Health and Fitness

The Newest 'World's Oldest Person' Shares Her Secrets for Living a Long Life

Guinness World Record officials passed the torch to 117-year-old Violet Mosse-Brown.
IMAGE Facebook/The Jamaica Observer + Twitter/@CNN

After the former "World's Oldest Person" Emma Morano died earlier this week, Guinness World Record officials passed the torch to 117-year-old Violet Mosse-Brown—or, as she's better known to her friends and family, "Aunt V."

Mosse-Brown was born on March 10, 1900—a decade before her home of Jamaica became a country. This means she's not only the "World's Oldest Person," but she's also the last living subject of England's Queen Victoria and the oldest citizen of the Commonwealth, Metro reports.

And she certainly has lived an incredible life, during which she's seen many of history's most important moments, including the invention of electricity and plumbing, both world wars, and the first cars and planes arriving in Jamaica. Amazing, right?

Today, Mosse-Brown still lives in Duanvale, Jamaica, where her family has lived for 200 years, and she's "doing well," her grandchildren and great-grandchildren told CNN. But how has she gotten to the big 1-1-7? Brown shared her healthy aging secrets with local Jamaican newspapers The Gleaner and the Jamaica Observer:


1. She avoids eating three very specific foods.

"Really and truly, when people ask me [what I] eat and drink to live so long, I say to them that I eat everything, except pork and chicken, and I don't drink rum," Mosse-Brown told The Gleaner.

Rum, pork, and chicken aside, there's still plenty that the bubbly Aunt V will eat.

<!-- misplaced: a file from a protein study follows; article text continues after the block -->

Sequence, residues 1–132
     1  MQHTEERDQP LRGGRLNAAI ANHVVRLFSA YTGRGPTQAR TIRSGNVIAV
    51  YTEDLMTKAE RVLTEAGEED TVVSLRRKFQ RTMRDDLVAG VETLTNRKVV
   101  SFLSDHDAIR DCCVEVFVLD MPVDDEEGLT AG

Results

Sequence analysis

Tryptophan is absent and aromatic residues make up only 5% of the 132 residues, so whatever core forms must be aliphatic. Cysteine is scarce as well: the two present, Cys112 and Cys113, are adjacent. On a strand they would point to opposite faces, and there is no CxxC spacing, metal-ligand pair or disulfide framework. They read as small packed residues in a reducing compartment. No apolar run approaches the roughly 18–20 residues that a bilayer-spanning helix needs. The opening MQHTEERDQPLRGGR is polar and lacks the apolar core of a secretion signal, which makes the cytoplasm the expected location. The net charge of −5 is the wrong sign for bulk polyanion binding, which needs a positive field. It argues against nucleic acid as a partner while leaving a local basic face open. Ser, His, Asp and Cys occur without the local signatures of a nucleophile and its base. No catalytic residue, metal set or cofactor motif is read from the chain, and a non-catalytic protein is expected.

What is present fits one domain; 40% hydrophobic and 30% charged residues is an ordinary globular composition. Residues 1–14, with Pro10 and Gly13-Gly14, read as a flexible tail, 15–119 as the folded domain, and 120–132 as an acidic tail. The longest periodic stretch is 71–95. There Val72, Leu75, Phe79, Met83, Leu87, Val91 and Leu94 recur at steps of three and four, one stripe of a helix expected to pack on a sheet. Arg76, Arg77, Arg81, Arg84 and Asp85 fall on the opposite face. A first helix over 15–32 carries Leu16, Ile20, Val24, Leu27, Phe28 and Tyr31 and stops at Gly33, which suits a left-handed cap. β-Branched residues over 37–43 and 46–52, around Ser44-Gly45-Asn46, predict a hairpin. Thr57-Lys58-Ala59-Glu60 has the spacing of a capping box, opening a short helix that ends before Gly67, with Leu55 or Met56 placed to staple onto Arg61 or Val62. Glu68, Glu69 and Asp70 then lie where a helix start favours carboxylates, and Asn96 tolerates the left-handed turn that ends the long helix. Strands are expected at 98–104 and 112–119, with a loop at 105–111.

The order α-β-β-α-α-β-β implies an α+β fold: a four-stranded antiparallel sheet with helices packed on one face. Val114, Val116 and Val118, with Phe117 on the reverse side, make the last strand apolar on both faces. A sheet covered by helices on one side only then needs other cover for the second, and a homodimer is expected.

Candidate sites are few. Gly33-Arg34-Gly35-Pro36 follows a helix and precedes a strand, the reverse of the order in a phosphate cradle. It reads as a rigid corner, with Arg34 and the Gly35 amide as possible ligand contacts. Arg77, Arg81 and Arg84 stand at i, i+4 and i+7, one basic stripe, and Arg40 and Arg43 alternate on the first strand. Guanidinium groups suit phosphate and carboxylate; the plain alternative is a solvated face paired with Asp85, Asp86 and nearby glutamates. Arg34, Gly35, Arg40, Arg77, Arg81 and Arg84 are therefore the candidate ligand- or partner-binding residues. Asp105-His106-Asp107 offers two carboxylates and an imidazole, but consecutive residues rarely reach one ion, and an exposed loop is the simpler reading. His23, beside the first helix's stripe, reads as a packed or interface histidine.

"She likes fish and mutton and sometimes she will have cow foot," her 97-year-old son Harold Fairweather told the Jamaica Observer in 2016. She also enjoys sweet potatoes, Irish potatoes, breadfruit, oranges, and mangoes.

2. She's always been a hard worker.

According to the Observer, Mosse-Brown and her late husband worked as cane farmers until they sold their crop to a larger estate. Her husband went on to become the caretaker at a local cemetery, and she took care of the books.

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Mosse-Brown doesn't work that job anymore, but that doesn't mean she's slowed down: "She continues to be very hard-working, even now," her granddaughter Lelieth Palmer told CNN.

3. She stays positive.

Mosse-Brown's friends and family "enjoy the company of this positive lady," who likes to regale them with tales of faith and poetry readings, the Jamaica Observer reports. Her favorite poem is "The Vision of Belshazzar" by Lord Byron, which she can still recite by heart.

"You know, sometimes I ask myself, 'Am I really 110 years old?' because I don't feel like 110," she told the Gleaner back in 2010, smiling.

Since earning the title of "World's Oldest Person," Mosse-Brown has echoed that sentiment: "I feel good, I feel happy to be the oldest person [in the world]," Brown told the Observer more recently. "I did not feel I would become the oldest person, I feel I would pass long ago. Thank God for whatever He has given to me."

Congrats, Aunt V—keep on smiling!

This story originally appeared on DrOzTheGoodLife.

* Minor edits have been made by the editors.

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Miranda Siwak
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